Devontae Booker – Broncos
Booker was a workhorse at Utah. He posted 30+ carries in five games and added 37 receptions showing his versatility. His one-cut, downhill running style could be a perfect match for Gary Kubiak’s zone-blocking scheme. If there is one knock on Booker, it is that he lacks top end speed. He was able to get away with it in the Pac-12, but the speed of the NFL might turn some of those 10 yard pops into minimal gains. Booker should push Ronnie Hillman for the second back into the rotation, and with his versatility he could end up carving out a nice role in an offense that should be run-heavy.
Paul Perkins – Giants
Quick. Who was the leading rusher for the Giants in 2015? If you guessed Rashad Jennings and his 53 yards per game, good for you. Not so good for the Giants though. The Giants desperately need a spark in their backfield and Perkins could provide it. Scouts referred to Perkins as “a poor man’s Jamaal Charles.” Perkins has great feet and can make a tackler miss in a phone booth. Not that phone booths even exist anymore, but you get the idea.
Perkins biggest hurdle will be finding playing time. The roles in the Giants backfield seem to be defined. Jennings will be the first and second down back. Shane Vereen will be the third down back and Andre Williams will likely be the goal line back. Quick side note on Andre Williams. The man looks like he is wearing a blind fold when he runs. I don’t know how much longer he will be in the league if he looks like he did last year. Keep an eye on this backfield during training camp to see if Perkins can find a role. He has the high upside that I like gambling on late in the draft.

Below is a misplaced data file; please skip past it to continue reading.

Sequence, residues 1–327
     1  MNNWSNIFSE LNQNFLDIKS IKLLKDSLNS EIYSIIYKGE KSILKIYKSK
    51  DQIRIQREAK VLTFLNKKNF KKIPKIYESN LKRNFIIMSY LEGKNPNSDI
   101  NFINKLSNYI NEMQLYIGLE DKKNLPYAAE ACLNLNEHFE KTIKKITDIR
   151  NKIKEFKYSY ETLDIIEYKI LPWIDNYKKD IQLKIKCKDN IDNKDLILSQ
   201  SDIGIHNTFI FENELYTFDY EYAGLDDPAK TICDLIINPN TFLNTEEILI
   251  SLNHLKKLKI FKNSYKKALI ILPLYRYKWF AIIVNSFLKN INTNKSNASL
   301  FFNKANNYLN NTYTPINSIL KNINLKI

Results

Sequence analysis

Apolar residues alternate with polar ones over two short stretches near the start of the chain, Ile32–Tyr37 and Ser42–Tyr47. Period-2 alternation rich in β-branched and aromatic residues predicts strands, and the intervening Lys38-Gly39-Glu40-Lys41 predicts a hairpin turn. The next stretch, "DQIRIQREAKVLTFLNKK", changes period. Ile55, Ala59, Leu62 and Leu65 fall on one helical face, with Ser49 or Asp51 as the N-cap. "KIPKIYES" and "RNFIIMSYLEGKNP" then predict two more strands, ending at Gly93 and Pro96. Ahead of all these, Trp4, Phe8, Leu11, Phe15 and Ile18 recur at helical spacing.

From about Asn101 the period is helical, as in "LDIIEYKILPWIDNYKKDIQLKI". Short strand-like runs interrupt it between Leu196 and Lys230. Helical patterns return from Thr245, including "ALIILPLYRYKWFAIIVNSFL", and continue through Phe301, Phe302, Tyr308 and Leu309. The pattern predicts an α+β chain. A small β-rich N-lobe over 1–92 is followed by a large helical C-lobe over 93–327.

While Elliott is the heavy favorite to be the rookie running back that blows up, it could be any one of these guys. Good luck selecting the correct one.
History has not been as kind to rookie tight ends.
Top 5 rookie tight end fantasy seasons in the last decade.
5. Tony Moeaki (2010): 47 / 556 / 3 – – 20th rated tight end
4. Tim Wright (2013): 54 / 571 / 5 – – 13th rated tight end
3. Aaron Hernandez (2010): 45 / 563 / 6 – – 11th rated tight end
2. John Carlson (2008): 55 / 627 / 5 – – 7th rated tight end
1. Rob Gronkowski (2010): 42 / 546 / 10 – – 5th rated tight end
Only one tight end has surpassed six receiving touchdowns as rookie in the last decade. It just so happens that tight end was Rob Gronkowski who is on schedule to be the most dominant tight end to ever play the game. John Carlson joined Gronk as the only other rookie tight end to crack the top 10. Perhaps this trend will eventually change, but until it does I am steering clear of rookie tight ends.
While I don’t expect any of these tight ends to make a fantasy impact, they were drafted for a reason and will have a chance to contribute in some shape or form to their teams.
Hunter Henry – Chargers
The name Hunter Henry sounds like an NFL tight end. So at the least, he has that going for him. Henry was regarded across the board as the top tight end in this year’s class. Not only that, but he has been touted as the most complete tight end prospect in years. Having the opportunity to learn from one of the best to ever play the position in Antonio Gates doesn’t hurt.
Austin Hooper – Falcons